Gershon Iskowitz (1921-1988) drew as a child and he would have attended the Warsaw Academy of Art, but the Nazis invaded Poland in 1939. As a survivor of concentration camps, Gershon Iskowitz became a witness to the Holocaust in his drawings and memory works from the years 1941–54.
Post liberation, he attended the Munich Academy of Art and in 1949, he emigrated to Canada. He taught art to support his own artistic practice, becoming a member of the Royal Academy of Art in 1974. After some time in Canada, he began to paint landscapes around Parry Sound, though his expression vastly differed from the Group of Seven’s nationalist ideals.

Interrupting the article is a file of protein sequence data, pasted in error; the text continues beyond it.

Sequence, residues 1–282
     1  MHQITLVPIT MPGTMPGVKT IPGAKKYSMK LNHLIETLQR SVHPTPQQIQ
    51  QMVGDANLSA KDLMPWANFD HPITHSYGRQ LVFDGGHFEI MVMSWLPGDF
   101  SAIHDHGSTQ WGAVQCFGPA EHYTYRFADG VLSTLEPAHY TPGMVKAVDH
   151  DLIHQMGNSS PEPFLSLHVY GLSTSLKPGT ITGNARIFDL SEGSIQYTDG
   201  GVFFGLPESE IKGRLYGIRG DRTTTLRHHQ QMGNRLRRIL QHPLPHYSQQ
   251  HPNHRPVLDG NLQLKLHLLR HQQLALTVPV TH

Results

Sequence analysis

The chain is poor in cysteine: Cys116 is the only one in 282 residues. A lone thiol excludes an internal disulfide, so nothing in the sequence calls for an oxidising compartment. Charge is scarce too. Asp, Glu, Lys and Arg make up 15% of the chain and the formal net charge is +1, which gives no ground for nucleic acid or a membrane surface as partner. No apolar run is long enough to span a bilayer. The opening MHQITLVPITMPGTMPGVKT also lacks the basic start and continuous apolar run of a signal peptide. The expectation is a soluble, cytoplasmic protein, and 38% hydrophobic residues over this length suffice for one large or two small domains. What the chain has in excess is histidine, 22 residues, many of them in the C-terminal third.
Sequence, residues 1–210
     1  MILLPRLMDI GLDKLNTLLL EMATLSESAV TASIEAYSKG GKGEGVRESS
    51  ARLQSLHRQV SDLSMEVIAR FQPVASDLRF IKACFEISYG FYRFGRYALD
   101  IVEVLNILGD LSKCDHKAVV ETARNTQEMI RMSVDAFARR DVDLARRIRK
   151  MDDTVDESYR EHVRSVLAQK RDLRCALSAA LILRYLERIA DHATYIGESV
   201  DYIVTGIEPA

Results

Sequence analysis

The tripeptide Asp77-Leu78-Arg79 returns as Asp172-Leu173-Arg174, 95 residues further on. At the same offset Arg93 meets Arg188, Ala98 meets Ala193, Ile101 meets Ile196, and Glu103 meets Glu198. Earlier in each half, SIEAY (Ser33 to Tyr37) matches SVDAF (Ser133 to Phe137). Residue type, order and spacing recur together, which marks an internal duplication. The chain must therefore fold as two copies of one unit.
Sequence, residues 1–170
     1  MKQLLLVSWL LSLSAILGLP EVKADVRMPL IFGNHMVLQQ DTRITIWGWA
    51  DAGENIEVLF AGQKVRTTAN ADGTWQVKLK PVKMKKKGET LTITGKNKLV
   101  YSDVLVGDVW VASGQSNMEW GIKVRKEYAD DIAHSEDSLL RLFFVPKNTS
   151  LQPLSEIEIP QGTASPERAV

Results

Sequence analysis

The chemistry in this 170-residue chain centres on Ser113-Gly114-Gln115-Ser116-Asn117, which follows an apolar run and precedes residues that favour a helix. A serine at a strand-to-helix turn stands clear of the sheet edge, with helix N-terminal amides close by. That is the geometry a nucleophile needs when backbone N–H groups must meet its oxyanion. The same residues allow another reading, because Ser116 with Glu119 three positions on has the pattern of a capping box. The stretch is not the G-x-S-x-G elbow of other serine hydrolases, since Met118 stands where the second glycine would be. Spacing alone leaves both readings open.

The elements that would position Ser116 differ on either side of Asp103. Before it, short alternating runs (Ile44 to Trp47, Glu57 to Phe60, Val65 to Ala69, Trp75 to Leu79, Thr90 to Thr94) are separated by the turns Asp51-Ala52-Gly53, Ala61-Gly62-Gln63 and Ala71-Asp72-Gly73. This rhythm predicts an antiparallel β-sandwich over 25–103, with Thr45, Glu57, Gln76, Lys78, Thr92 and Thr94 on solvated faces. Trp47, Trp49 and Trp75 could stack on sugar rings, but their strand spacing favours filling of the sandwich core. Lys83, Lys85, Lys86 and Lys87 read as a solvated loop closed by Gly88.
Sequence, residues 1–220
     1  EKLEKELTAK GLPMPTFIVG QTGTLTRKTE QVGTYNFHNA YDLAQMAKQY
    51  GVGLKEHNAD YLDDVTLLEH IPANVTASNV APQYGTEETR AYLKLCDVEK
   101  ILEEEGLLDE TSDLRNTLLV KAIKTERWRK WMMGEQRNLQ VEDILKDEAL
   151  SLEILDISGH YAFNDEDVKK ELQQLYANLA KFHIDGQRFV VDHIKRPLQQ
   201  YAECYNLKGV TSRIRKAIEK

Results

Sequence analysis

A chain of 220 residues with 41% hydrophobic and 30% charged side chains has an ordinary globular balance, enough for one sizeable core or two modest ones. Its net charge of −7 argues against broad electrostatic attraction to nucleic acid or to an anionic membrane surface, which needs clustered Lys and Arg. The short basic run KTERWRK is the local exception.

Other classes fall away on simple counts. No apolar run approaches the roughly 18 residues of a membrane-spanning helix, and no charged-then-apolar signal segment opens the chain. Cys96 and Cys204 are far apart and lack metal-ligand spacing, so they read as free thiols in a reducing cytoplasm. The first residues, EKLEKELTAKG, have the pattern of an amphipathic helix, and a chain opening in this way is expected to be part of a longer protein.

A breakthrough came in 1967 after a flight to Churchill, Manitoba, when he discovered his unique Canadian landscape in abstract panoramic images of land and sky painted in brilliant, luminous colours. Although he was familiar with current art movements, his style remained entirely his own.
He established an Arts Foundation and a prize, which bears his name, and created to support developing artists. Gershon Iskowitz died in 1988 in Toronto; his legacy lives on through the Gershon Iskowitz Foundation and his many works, held in public and private collections.